What Went Wrong: If you add in The Smiths output, you’d still get just a single career Grammy nomination for Moz. Kinda shocking when you consider the cultural impact he’s made, but Morrissey is an example of his early (and best) music being too hip for Grammy voters at the time and his later material failing to make the commercial or critical impact to entice voters.
Prognosis: If Morrissey hasn’t logged a single nomination since his 1993 Best Alternative Music Album nom for Your Arsenal, it’s not looking too great for our favorite vegan. Still, his status is iconic that it’s possible they throw him a late career bone. –Philip Cosores
Times Nominated: 1 (2006)
What Went Wrong: That’s not a typo. One of England’s longest-lasting and most influential rock bands had to wait until 2006 to snag one measly nomination, a Best Dance Performance nod for “Guilt Is a Useless Emotion”. Seems like Grammys voters have their own history of Power, Corruption & Lies.
Prognosis: The band’s last album (and first without Peter Hook) was 2015’s Music Complete, which certainly seems worthy of a nomination in hindsight. The point is, New Order have still got the goods if voters are paying attention. –Collin Brennan
Times Nominated: 1 (2004)
What Went Wrong: The Icelandic group’s breakthrough third studio album, ( ), had the unique misfortune of going up against a trio of soon-to-be rock classics in the Yeah Yeah Yeahs’ Fever to Tell, Radiohead’s Hail to the Thief, and The White Stripes’ Elephant, the latter of which took home the prize for Best Alternative Music Album.
Prognosis: It’s possible that the Grammys have finally caught up to Sigur Rós’ innovative brand of post-rock and will soon reward them accordingly. It’s also possible, given Björk’s similar run of bad luck, that Grammy voters just hate Iceland. –Collin Brennan
Times Nominated: 2 (1993, 2001)
What Went Wrong: One of the strongest and most dynamic bands of the ’80s, The Cure failed to get a nomination for any of its strongest material, instead competing with later albums Wish and Bloodflowers in the Best Alternative Music Album category. They predictably lost, having never gotten a chance to compete with classics like Disintegration or Kiss Me, Kiss Me, Kiss Me.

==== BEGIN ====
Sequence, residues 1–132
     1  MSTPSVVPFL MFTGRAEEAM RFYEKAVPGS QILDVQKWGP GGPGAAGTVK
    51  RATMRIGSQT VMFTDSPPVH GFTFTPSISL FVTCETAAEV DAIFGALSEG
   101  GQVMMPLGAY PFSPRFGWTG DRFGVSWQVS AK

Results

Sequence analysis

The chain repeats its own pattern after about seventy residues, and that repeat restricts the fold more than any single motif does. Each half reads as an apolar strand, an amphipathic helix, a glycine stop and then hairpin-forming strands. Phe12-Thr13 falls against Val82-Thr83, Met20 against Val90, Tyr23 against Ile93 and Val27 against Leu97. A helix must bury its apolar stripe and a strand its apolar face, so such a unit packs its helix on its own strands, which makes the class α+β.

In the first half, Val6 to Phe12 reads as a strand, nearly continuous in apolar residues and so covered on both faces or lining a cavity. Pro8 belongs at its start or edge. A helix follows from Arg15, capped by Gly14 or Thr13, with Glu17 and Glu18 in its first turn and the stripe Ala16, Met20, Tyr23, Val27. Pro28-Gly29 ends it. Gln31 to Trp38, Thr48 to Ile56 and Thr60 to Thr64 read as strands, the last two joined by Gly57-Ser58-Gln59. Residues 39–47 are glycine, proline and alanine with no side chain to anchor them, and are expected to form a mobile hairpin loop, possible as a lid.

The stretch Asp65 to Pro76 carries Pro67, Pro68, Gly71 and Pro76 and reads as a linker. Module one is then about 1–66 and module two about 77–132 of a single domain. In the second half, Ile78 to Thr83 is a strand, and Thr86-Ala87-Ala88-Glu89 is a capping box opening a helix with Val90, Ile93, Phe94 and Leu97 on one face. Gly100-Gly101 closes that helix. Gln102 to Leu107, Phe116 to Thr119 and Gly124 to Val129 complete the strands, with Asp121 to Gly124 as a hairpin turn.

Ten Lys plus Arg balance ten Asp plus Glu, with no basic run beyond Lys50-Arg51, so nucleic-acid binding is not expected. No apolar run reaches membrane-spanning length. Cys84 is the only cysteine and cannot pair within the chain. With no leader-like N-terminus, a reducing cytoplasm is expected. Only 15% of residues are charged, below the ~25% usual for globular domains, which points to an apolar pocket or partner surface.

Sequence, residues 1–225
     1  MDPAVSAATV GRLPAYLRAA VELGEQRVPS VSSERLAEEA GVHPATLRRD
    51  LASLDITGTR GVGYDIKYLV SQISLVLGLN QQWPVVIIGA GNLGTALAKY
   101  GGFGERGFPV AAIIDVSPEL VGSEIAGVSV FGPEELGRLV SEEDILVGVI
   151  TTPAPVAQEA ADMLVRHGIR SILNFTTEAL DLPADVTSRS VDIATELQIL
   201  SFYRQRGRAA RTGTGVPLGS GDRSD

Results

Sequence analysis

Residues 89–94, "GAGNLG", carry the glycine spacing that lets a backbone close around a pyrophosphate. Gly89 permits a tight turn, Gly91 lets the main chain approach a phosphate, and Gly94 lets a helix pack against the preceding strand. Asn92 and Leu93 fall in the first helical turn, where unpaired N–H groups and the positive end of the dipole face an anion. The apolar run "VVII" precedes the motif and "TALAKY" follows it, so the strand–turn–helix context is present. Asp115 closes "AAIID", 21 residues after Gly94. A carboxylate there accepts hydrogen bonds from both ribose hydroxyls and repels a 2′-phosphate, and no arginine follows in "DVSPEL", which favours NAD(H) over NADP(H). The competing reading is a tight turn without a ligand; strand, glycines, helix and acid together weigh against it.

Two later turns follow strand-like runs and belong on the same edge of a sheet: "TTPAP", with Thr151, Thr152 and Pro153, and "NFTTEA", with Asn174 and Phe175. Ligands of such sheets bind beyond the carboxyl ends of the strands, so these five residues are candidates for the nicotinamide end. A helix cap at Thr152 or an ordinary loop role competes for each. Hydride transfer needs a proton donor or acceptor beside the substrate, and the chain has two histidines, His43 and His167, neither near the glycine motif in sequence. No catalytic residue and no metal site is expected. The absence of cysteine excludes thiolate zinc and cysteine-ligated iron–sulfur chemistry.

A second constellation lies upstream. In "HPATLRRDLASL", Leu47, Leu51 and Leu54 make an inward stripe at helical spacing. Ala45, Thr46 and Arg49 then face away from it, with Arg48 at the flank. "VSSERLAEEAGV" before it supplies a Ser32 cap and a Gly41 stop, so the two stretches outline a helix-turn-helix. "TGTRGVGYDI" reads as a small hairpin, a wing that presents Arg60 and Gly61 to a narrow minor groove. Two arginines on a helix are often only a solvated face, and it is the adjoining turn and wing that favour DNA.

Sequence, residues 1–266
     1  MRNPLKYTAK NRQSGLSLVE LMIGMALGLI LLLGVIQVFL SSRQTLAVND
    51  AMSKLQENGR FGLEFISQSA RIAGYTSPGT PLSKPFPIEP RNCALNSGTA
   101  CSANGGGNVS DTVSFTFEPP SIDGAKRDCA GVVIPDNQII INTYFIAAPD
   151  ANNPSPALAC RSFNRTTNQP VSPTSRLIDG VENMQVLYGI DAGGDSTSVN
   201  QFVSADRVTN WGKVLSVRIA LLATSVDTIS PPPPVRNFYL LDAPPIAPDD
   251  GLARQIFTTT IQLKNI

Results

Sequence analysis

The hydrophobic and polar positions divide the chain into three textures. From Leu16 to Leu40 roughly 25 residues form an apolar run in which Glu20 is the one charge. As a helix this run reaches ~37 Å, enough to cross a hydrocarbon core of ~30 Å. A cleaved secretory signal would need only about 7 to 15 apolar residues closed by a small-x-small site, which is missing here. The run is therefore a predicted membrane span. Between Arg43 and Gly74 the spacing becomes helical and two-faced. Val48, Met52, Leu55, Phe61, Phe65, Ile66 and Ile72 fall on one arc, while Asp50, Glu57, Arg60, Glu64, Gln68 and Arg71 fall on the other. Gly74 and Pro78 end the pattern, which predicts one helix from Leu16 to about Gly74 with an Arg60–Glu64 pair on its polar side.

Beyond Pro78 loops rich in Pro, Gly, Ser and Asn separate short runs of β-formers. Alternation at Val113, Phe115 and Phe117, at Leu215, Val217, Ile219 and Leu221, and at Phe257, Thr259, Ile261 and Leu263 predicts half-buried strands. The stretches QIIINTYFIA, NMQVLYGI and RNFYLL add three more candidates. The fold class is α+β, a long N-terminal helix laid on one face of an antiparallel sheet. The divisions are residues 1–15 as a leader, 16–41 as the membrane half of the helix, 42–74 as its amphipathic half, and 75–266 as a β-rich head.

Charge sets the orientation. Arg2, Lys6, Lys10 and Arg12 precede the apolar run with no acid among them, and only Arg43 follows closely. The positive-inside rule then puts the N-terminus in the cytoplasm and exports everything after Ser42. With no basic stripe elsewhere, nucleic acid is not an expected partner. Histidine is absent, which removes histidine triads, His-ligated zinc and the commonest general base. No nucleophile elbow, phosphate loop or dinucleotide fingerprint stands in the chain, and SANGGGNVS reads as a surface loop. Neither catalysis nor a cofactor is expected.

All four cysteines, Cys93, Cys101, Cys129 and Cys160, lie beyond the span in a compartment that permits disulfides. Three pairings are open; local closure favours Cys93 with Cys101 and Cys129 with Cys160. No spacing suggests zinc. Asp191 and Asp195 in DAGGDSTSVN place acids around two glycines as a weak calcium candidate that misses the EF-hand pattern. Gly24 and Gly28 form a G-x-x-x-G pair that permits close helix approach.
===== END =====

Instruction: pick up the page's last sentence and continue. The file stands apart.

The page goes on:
Prognosis: The Cure can still sell out massive concerts, but their days as potential Grammy forces are behind them. As if Robert Smith needed another reason to be mopey. –Philip Cosores
Times Nominated: 2 (2009, 2013)
What Went Wrong: The Grammys tend to steer clear of controversy, and M.I.A.’s brand of politically charged pop has “controversy” written all over it. That’s a shame, because “Paper Planes” isn’t just the 2009 Record of the Year — it’s the Record of the Century so far.
Prognosis: M.I.A. may have just released her last album in AIM, so we don’t see her snagging a Grammy any time soon. –Collin Brennan
Times Nominated: 2 (1989, 2017)
What Went Wrong: No self-respecting Iggy Pop fan would rank “Cold Metal” among the punk legend’s best work, but the lead single of 1988’s Instinct somehow earned his only nomination prior to 2017’s Post Pop Depression.
Prognosis: We’d like Pop’s chances if this were any other year, but it’s hard to imagine him taking home the prize in a crowded field led by the late David Bowie’s Blackstar and another strong entry from 2009 winners Radiohead. –Collin Brennan
Times Nominated: 3 (2007, 2015)
What Went Wrong: The Grammys only put one foot on the hype train for Arctic Monkeys’ 2007 debut, Whatever People I Am, That’s What I’m Not, resulting in a pair of nominations but no wins. AM single “Do I Wanna Know?” was a strong contender in 2015, but it proved just a little too sexy for the voters’ palates.
Prognosis: With a new album due out sooner rather than later, Alex Turner and co. seem to be firing on all cylinders and there’s no reason to think they won’t collect one of these years. –Collin Brennan
Guns N’ Roses
Times Nominated: 3 (1990, 1992, 1993)
What Went Wrong: Never really critical darlings, Guns N’ Roses competed three times in the weirdest (now extinct) Grammy category of Best Hard Rock Performance, which pitted singles against albums. Maybe if “November Rain” had been singled out rather than the entirety of Use Your Illusion I in 1992, it could have beaten Van Hagar, err, Halen’s For Unlawful Carnal Knowledge. We’ll never know.